Below is a ring from MagpieHouse showing a contemporary version of the single, more architectural form, of the forget-me-not motif. When you are looking at weathered architecture it certainly helps to know the basic design shapes you are looking for, but it is only when the scaffolding goes up for repairs that accurate recording and high quality photographs can be achieved.
Single forget-me-not flower motif.
The fifteenth-century forget-me-not sculpted motif is in the middle of the upper niche in this photograph on the right.
Here, in East Anglia, we’ve had a ‘green’ winter – that is no significant periods of below freezing temperatures and no snow. Early March and both my clematis armandii climbers are blooming almost a month earlier than last year.
Drawing out scarf Mildred blue.
Buds of clematis armandii Snowdrift.
I am currently working on a 90 x 90 cm crepe de chine scarf. I’m combining a floral shape taken from the clematis and motifs that appear on the ornate robe of St Peter as depicted on the 15th-century Ranworth rood screen. At first glance you might assume that the motifs painted on this 15th-century panel were inspired by the surrounding flora and fauna of East Anglia. However, it is more likely they were copied from a pattern book that had been brought over from Northern Europe. It is even possible that these patterns were lifted from silk cloth woven in the northern cities of Italy such as Catanzaro and Lucca. And, some of these woven motifs were designs that had originated in China, migrating along the ‘Silk Road’ embedded in the rich silk cloth traded from the East to the West.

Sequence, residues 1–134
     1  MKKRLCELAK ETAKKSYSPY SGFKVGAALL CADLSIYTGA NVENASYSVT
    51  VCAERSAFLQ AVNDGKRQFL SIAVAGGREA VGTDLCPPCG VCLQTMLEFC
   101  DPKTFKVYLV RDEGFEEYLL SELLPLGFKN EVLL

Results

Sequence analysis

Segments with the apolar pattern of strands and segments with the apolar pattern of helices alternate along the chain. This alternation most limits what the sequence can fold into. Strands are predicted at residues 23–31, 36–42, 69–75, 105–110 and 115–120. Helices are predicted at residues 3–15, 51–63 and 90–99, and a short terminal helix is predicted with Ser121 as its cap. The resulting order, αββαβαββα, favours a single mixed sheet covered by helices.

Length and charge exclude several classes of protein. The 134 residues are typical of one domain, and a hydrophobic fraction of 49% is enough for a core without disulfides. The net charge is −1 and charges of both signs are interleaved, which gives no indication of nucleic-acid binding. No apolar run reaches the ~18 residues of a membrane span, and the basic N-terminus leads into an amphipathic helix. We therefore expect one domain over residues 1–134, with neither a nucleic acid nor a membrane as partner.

I read that the clematis armandii is native to China, but I don’t think this small flower shown on the St Peter’s robe is an ‘armandii’ motif, however I liked the idea of combining shapes from the 15th-century screen with a flower from my spring garden.
Soaking up images, internalising and then creating something slightly different. Sometimes it’s form, sometimes it’s colour, but mostly it’s a combination. Currently working on a piece that feels like the end of winter – let’s hope!
Some plants and flowers inspire us to paint or photograph them because they colourful. They are either bold and dramatic or perhaps pale and delicate. However, other plants are more about shape and the thistle is most certainly one of these. Spiky plants lend themselves to a pared back, silhouette-like rendering. The thistle has inspired many illustrators, artists and designers over the centuries. With its barbed flowers and serrated leaves the history of the thistle motif is seen in many decorative pieces from medieval manuscripts to Elizabethan textiles to Victorian wallpaper.